Slick meaning

slĭk
Deftly executed; adroit.
adjective
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Confident and effortlessly effective, especially in being persuasive.

A slick political insider.

adjective
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Slick is defined as to smooth or make glossy.

An example of to slick is using hair grease to create a pompadour style.

verb
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The definition of slick is something glossy, smooth, slippery or oily.

An example of slick is an asphalt road just after the first rain of the season.

adjective
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Smooth, glossy, and slippery.

Sidewalks slick with ice.

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Superficially attractive or plausible but lacking depth or soundness.

A slick writing style.

adjective
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Excellent; wonderful.
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A smooth or slippery surface or area.
noun
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An implement used to make a surface slick, especially a chisel used for smoothing and polishing.
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A magazine, usually of large popular readership, printed on high-quality glossy paper.
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A smooth, treadless tire, often used for racing.
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An unarmed military aircraft, especially a helicopter.
noun
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To make smooth, glossy, or oily.
verb
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To make neat, trim, or tidy.

Slicked themselves up for the camera.

verb
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To make sleek, glossy, or smooth.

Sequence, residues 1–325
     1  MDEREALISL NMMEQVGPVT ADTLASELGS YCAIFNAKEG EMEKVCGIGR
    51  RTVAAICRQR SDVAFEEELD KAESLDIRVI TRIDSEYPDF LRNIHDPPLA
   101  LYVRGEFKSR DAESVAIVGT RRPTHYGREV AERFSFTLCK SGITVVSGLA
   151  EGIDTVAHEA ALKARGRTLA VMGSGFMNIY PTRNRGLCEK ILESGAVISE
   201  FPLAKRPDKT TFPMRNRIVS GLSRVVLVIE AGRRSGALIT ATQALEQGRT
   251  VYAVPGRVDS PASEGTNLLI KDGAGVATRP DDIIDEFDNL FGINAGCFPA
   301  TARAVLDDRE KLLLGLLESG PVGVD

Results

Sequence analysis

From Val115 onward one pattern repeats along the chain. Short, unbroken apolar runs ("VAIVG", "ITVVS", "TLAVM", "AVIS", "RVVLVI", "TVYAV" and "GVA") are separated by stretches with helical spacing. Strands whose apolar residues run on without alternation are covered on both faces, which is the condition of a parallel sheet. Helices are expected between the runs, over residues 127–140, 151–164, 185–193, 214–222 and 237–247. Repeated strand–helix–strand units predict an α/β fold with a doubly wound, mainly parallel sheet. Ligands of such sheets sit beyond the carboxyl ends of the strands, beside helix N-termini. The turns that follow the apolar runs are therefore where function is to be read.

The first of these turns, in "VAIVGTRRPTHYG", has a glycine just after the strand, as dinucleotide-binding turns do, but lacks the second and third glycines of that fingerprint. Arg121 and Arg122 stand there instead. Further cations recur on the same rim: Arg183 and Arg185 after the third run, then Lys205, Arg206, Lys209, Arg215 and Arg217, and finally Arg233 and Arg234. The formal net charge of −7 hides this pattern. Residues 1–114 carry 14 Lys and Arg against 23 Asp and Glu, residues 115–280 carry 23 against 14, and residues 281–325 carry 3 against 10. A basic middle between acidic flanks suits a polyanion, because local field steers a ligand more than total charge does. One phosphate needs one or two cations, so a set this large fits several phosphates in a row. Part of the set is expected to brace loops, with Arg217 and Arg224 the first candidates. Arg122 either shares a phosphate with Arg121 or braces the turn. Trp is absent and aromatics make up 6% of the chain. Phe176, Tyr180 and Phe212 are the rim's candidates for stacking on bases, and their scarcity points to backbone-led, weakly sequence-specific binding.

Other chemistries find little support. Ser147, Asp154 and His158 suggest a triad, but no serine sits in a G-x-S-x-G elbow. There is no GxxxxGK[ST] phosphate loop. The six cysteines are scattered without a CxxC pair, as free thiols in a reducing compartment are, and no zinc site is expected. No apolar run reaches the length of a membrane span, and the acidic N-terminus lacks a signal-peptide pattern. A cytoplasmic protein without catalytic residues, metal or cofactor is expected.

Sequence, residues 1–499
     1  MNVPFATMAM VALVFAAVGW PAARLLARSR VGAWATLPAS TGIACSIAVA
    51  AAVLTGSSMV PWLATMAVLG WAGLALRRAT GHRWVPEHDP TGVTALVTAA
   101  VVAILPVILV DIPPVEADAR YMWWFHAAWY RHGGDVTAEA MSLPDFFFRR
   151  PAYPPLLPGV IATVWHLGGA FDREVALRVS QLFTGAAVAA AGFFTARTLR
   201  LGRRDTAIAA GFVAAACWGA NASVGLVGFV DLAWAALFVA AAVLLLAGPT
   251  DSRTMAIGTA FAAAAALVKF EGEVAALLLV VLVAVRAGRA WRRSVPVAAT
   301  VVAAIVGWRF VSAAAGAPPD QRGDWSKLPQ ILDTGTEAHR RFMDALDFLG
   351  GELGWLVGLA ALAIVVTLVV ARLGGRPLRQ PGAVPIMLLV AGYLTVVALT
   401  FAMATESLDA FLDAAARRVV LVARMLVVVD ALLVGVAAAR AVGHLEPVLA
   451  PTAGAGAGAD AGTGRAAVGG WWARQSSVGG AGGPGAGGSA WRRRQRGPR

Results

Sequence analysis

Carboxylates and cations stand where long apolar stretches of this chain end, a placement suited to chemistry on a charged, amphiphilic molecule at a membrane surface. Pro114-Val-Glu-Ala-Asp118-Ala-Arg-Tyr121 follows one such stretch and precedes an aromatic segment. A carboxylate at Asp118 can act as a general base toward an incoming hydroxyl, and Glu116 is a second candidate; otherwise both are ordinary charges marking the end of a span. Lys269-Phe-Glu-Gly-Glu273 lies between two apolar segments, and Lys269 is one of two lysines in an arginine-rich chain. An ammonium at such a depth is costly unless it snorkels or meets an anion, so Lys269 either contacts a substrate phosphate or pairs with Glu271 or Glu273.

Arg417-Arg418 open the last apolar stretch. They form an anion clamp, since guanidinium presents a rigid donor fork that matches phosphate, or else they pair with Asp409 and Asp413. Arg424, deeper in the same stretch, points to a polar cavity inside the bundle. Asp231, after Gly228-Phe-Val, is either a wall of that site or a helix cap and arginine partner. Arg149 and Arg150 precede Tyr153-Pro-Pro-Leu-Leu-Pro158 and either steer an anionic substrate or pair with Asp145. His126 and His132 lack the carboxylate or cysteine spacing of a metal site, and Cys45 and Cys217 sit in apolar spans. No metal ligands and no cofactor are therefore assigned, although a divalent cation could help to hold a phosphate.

verb
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To make smart, neat, or tidy.
verb
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Sleek; glossy; smooth.
adjective
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Slippery; oily.
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Accomplished; adept; clever; ingenious.
adjective
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Clever in deception or trickery; deceptively plausible; smooth.

A slick alibi.

adjective
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Having or showing skill in composition or technique but little depth or literary significance.

A slick style of writing.

adjective
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Excellent, fine, enjoyable, attractive, etc.
adjective
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Something used for smoothing and polishing, as any of various tools with broad, flat blades.
noun
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A magazine printed on paper with a glossy finish.
noun
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Smoothly, cleverly, deftly, easily, etc.
adverb
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See SLC.
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A term of address, generally applied to males, possibly including strangers, implying that the person addressed is slick in the sense of "sophisticated", but often used sarcastically.

That was a great move locking your keys in the car, Slick.

Don't you look good tonight, Slick!

pronoun
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Origin of slick

  • Middle English slike from Old English slice lei- in Indo-European roots V., Middle English sliken from Late Old English -slīcian, -slȳcian (in nīgslȳcod freshly smoothed)

    From American Heritage Dictionary of the English Language, 5th Edition